Of course, preparing a good history and a package with all of the relevant documents may take a bit of your time and may require a lot of review by your attorney. But having all of that information can improve the legal advice you get and ultimately speed you to the best possible result. Your attorney may say you are in a great position or a terrible one. But better to know right away and plan accordingly.
The Boy Who Cried “Rush”
Deadlines sometimes sneak up on all of us. Worse, most executives juggle a lot of plates and only realize one is about to crash at the last second. But don’t make every assignment for your attorney an emergency. That does not mean you need to pull the trigger too soon on a project that is not ready. Sometimes just a “heads up, this might be coming” is enough for an attorney to think about scheduling and staffing the assignment and, consequently, be better prepared for your work.
In other instances, more elaborate communication helps. For example, you might ask how much time and what information your attorney will need once you do authorize her or him to proceed. Then you have your deadline and your attorney has hers or his. I have one dream client that gives me rushes all of the time. But he also sends projects on a regular basis where he specifically tells me that it isn’t a rush and that he doesn’t need it back for weeks. This lets me know that when he has a rush, he means it, and it also builds trust and mutual respect. I know that he plans in advance when he can and that he does not take me for granted. Consequently, I’m especially motivated to work hard on his assignments.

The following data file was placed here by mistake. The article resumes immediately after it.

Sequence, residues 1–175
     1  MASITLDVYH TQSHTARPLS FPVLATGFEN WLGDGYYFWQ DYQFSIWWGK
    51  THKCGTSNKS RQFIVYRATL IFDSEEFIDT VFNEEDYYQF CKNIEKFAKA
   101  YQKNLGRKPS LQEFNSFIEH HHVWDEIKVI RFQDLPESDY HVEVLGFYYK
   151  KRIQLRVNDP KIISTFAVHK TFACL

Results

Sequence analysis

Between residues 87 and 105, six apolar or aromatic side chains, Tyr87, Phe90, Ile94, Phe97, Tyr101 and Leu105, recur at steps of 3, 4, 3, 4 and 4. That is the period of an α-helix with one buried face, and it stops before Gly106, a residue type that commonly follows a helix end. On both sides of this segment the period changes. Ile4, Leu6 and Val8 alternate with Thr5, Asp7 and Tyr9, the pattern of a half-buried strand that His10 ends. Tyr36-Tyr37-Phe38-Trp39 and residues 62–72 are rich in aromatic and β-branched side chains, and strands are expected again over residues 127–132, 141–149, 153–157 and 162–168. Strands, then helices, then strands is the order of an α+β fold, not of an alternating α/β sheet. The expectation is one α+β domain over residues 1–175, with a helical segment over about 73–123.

The Money Stuff
First, understand how you are going to be charged. For example, most attorneys charge by the hour, in increments as small as one-tenth of an hour, and if they are spending time, including travel to your office, they are on the clock. In other cases, you may arrange for a flat fee for a project or a fixed monthly retainer or a contingency for a good result — or a mix of these arrangements. But don’t beat around the bush. Have a clear discussion and then confirm it in a written agreement.
Second, let your attorney know if you have any preferences about whether you want senior or junior attorneys working on your matter. Your attorney may assume that you want only the most experienced (and expensive) attorneys working your case. But you may be perfectly content to have less experienced attorneys working on certain matters. Virtually identical businesses often have completely different philosophies on this point. And attorneys really can’t tell what you want a lot of times.
Third, review your legal bills and let your attorney know if you have any concerns right away. There may be a mistake in the bill, or you may very well be entitled to a discount. But don’t ignore a problem or let it fester. For many attorneys, their bill is a way of communicating with you about how he or she is handling your case. If you say nothing, the attorney assumes you are fine with the invoice and your legal representation. Worse, if you have a big problem and wait six months to say something, you’ve led your attorney to believe that all was well, when instead, she or he should have been doing something differently.